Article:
[FoRK] coffee drone

Stephen Williams sdw at lig.net
Sun Jun 24 12:12:05 PDT 2012

On Sun Jun 24 10:25:07 2012, Damien Morton wrote:
> On Sun, Jun 24, 2012 at 12:14 PM, Aaron Burt <aaron at bavariati.org> wrote:
>> On Sat, Jun 23, 2012 at 08:14:32AM -0400, Damien Morton wrote:
>>> Or, if you felt your drone had enough energy budget to carry something
>> like
>>> a beaglebone around with it, you might be able to do the mapping
>> on-board.

You're going to use a production cell phone with the right kind of camera. The computational power and bandwidth capabilities 
along with power efficiency are expanding to very impressive levels over the next 2 years. Nothing else will come close: I 
expect greater than 100-150 giga-ops peak with 8-20 GBs memory bandwidth and very fast peripheral paths.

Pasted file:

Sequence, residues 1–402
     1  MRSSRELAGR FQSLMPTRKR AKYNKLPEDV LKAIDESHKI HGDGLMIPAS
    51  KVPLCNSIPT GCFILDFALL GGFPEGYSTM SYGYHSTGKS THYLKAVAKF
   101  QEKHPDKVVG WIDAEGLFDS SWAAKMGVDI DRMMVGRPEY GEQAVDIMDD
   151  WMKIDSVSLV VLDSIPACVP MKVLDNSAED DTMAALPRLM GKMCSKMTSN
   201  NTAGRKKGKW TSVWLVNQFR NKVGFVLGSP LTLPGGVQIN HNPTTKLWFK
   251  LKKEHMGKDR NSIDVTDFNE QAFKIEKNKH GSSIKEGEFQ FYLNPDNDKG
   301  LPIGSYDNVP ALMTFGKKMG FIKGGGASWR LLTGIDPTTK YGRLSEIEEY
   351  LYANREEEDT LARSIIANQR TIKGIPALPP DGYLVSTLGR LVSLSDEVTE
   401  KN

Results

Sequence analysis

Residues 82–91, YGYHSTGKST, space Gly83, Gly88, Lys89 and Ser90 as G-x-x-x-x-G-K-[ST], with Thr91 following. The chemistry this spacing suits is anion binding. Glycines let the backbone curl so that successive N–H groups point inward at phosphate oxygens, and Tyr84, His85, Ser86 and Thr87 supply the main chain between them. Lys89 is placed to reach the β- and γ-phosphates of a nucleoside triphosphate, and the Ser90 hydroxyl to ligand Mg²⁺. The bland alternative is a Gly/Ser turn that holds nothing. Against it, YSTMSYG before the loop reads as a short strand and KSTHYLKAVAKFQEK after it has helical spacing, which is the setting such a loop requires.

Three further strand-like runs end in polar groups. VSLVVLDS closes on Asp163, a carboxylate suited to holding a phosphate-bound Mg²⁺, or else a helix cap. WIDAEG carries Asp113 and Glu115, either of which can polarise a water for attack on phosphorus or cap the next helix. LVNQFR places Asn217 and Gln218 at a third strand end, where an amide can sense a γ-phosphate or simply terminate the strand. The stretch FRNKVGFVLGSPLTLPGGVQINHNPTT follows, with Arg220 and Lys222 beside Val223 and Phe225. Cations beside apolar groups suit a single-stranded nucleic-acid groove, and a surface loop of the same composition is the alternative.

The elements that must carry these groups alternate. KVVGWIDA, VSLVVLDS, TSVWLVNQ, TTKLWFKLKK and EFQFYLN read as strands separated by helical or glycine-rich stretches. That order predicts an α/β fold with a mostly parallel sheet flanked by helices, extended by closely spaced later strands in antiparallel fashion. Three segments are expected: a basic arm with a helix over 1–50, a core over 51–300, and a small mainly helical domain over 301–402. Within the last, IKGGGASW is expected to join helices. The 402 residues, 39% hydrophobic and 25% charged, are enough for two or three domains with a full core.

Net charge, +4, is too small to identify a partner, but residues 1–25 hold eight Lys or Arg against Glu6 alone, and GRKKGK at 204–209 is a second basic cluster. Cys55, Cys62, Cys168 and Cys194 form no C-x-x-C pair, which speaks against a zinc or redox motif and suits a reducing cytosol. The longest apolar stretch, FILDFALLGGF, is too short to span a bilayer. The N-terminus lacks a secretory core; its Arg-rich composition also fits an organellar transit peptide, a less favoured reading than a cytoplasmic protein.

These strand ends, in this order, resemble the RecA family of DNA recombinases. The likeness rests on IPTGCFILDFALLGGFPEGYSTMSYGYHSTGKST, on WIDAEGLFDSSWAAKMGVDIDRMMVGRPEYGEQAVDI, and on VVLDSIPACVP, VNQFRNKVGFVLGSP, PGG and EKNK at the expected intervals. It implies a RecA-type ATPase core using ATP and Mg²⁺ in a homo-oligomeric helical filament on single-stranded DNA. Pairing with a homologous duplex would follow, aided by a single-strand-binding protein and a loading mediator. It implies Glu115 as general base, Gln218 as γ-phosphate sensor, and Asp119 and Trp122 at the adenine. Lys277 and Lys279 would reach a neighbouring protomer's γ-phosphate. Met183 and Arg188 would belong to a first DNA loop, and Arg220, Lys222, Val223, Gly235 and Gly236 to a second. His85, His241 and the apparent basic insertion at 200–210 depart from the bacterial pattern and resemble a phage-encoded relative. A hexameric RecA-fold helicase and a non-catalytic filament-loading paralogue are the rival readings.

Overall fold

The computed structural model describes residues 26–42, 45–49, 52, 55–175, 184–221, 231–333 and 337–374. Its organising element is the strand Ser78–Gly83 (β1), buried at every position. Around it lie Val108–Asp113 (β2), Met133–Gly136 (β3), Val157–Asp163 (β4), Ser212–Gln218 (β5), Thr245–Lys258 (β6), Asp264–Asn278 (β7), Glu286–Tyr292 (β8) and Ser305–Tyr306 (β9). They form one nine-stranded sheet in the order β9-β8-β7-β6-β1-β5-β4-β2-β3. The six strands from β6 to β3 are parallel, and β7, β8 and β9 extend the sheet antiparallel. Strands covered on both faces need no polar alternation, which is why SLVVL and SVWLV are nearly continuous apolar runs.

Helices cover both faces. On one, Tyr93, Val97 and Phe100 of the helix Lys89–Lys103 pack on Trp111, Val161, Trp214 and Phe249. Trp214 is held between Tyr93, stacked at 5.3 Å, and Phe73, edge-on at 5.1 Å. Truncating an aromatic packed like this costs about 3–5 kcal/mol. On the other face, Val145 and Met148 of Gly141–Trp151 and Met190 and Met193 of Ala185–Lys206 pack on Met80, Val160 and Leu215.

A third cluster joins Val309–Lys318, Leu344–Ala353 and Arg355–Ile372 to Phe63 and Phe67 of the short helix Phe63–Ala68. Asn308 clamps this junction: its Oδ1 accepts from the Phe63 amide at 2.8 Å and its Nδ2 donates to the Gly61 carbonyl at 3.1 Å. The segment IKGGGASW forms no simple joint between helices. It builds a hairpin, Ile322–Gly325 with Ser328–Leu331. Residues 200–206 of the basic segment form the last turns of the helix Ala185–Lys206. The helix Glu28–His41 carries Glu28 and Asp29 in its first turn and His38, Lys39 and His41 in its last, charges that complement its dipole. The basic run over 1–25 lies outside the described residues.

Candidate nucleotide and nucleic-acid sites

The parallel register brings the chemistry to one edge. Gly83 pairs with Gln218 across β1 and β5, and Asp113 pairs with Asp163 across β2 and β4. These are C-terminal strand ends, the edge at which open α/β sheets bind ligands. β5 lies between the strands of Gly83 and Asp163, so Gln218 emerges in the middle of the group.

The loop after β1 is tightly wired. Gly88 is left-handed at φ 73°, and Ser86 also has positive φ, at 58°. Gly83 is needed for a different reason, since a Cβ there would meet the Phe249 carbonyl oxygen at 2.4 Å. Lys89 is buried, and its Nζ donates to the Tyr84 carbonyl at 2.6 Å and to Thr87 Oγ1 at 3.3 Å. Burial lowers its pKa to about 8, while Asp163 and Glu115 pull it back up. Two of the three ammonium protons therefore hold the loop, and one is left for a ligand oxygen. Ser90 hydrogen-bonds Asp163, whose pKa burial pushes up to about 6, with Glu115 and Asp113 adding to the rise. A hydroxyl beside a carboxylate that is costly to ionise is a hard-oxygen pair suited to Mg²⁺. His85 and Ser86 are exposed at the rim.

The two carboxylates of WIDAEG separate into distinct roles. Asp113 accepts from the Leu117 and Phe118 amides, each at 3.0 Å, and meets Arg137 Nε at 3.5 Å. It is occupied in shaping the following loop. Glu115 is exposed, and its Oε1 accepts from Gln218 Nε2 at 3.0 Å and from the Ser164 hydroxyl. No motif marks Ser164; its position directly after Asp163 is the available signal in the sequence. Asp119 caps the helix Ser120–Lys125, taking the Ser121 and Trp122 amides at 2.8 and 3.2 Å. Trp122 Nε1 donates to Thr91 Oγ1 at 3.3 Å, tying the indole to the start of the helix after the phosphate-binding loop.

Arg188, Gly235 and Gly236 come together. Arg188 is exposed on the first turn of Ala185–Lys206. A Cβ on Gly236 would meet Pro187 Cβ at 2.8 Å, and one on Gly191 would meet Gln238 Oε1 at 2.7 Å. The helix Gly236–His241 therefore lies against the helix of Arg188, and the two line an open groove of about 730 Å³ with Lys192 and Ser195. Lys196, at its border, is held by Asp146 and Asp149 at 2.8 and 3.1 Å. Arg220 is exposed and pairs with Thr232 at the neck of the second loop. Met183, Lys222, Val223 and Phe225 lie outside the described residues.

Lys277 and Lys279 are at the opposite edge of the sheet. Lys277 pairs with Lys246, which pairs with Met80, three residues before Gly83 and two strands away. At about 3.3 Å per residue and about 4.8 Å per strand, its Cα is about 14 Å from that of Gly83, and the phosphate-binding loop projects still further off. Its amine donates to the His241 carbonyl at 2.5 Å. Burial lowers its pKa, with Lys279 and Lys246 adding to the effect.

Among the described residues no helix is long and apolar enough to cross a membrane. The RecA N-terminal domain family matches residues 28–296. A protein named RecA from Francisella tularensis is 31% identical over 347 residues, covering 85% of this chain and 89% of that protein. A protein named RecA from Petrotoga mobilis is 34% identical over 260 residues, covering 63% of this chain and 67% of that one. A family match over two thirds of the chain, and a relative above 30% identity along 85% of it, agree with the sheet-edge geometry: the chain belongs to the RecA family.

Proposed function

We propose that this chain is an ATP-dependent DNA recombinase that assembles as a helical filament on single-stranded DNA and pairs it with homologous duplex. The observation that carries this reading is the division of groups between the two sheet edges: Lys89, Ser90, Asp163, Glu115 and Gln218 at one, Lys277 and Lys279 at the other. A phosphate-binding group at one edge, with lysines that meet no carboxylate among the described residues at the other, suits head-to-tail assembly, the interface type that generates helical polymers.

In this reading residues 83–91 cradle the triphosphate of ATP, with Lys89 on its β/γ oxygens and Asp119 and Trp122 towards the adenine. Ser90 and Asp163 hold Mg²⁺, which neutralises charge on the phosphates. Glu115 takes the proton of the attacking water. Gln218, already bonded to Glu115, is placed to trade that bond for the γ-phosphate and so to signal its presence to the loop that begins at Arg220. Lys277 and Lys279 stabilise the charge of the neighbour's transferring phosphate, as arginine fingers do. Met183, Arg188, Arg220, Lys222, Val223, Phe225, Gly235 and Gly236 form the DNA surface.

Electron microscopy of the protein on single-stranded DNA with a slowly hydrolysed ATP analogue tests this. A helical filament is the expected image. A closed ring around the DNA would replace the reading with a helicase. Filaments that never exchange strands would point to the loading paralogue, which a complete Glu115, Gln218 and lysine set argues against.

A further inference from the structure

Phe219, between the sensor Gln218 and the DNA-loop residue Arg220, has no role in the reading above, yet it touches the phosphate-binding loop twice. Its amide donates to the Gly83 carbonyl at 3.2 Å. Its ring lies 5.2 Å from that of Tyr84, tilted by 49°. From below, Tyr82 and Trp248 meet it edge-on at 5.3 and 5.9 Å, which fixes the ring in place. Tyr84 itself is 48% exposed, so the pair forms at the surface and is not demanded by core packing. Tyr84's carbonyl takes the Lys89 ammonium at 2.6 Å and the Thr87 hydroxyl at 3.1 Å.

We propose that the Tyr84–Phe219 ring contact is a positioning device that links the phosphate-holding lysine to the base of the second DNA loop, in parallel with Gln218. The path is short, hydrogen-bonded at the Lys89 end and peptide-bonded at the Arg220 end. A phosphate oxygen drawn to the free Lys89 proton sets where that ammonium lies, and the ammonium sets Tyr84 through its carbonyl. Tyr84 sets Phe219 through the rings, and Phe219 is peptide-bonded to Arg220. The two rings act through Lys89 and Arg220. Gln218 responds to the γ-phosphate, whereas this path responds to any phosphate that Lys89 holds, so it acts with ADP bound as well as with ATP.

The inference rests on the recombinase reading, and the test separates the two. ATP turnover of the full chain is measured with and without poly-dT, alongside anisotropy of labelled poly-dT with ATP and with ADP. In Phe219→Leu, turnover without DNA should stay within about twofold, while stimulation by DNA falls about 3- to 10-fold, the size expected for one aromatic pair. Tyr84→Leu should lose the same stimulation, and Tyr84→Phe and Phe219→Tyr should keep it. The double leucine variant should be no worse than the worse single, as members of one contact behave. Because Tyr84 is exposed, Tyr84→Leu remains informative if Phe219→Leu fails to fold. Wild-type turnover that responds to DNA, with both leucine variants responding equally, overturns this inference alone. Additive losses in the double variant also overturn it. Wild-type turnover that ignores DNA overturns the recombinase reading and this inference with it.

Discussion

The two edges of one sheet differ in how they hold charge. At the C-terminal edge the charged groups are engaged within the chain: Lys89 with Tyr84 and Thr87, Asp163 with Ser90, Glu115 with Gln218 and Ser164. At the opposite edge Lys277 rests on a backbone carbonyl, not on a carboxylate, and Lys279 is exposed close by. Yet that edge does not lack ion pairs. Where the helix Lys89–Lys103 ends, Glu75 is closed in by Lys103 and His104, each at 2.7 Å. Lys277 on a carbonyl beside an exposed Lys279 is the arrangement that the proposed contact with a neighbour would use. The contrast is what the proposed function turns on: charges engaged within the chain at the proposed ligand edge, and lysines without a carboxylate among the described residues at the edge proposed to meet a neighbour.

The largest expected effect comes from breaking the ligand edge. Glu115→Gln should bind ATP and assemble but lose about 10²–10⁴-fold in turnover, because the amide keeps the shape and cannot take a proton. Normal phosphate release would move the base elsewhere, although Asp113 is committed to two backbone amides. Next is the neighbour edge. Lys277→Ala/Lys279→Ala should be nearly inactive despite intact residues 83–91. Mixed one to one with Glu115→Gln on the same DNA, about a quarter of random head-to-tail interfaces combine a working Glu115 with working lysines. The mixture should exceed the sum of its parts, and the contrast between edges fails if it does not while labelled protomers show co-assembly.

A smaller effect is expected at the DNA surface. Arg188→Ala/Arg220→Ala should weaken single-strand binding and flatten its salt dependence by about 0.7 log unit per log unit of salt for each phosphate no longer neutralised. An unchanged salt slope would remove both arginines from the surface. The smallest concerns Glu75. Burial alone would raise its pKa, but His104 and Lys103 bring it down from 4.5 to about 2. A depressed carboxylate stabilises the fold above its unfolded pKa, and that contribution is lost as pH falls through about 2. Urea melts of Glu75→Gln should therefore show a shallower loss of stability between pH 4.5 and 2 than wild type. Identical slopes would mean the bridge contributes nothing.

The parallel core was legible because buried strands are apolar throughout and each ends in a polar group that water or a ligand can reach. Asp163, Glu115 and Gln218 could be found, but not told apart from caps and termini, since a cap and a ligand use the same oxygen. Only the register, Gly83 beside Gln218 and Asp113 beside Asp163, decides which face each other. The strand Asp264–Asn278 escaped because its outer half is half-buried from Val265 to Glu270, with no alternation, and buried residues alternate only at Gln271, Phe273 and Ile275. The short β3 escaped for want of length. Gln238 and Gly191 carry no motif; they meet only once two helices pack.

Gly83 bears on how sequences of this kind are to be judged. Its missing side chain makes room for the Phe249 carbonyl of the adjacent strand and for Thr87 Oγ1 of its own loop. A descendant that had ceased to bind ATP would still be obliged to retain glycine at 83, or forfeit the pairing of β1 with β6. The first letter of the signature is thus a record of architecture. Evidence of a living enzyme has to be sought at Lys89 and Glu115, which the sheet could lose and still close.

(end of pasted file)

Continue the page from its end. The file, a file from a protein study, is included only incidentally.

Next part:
>> I think one of those drones demo'd was carrying an x86 chip.

Intel low power mobile processors may catch up soon, however right now ARM and associated GPUs and DSPs are king.  Although even 
the most modern ARM chips don't have Pentium level efficiency tricks, they are impressive at their raw simple power and power 
efficiency. And they are in shipping and soon to be shipping devices that have a great compliment of hardware and operating system.

> Actually a BeagleBone or Gumstix might be able to do it on-board. These
> boards are in the <40g range, and require 2W of power - a battery weighing
> <10g should be enough to power them for a single flight.

For any serious computational work and/or high bandwidth, you'll want to scale up to something that can carry a cell phone. And 
that gives you fast wireless network / Internet access also, along with very sophisticated and dynamic power management.

Already, they are being used for tiny satellites:

>>> What we really need is an inexpensive low-power per-pixel depth sensor.
>> You cited working implementations of two of the most effective techniques
>> used
>> in nature. (I count optical flow as structure from motion.)
> I was actually giving Stephen a chance to perk up about the company he is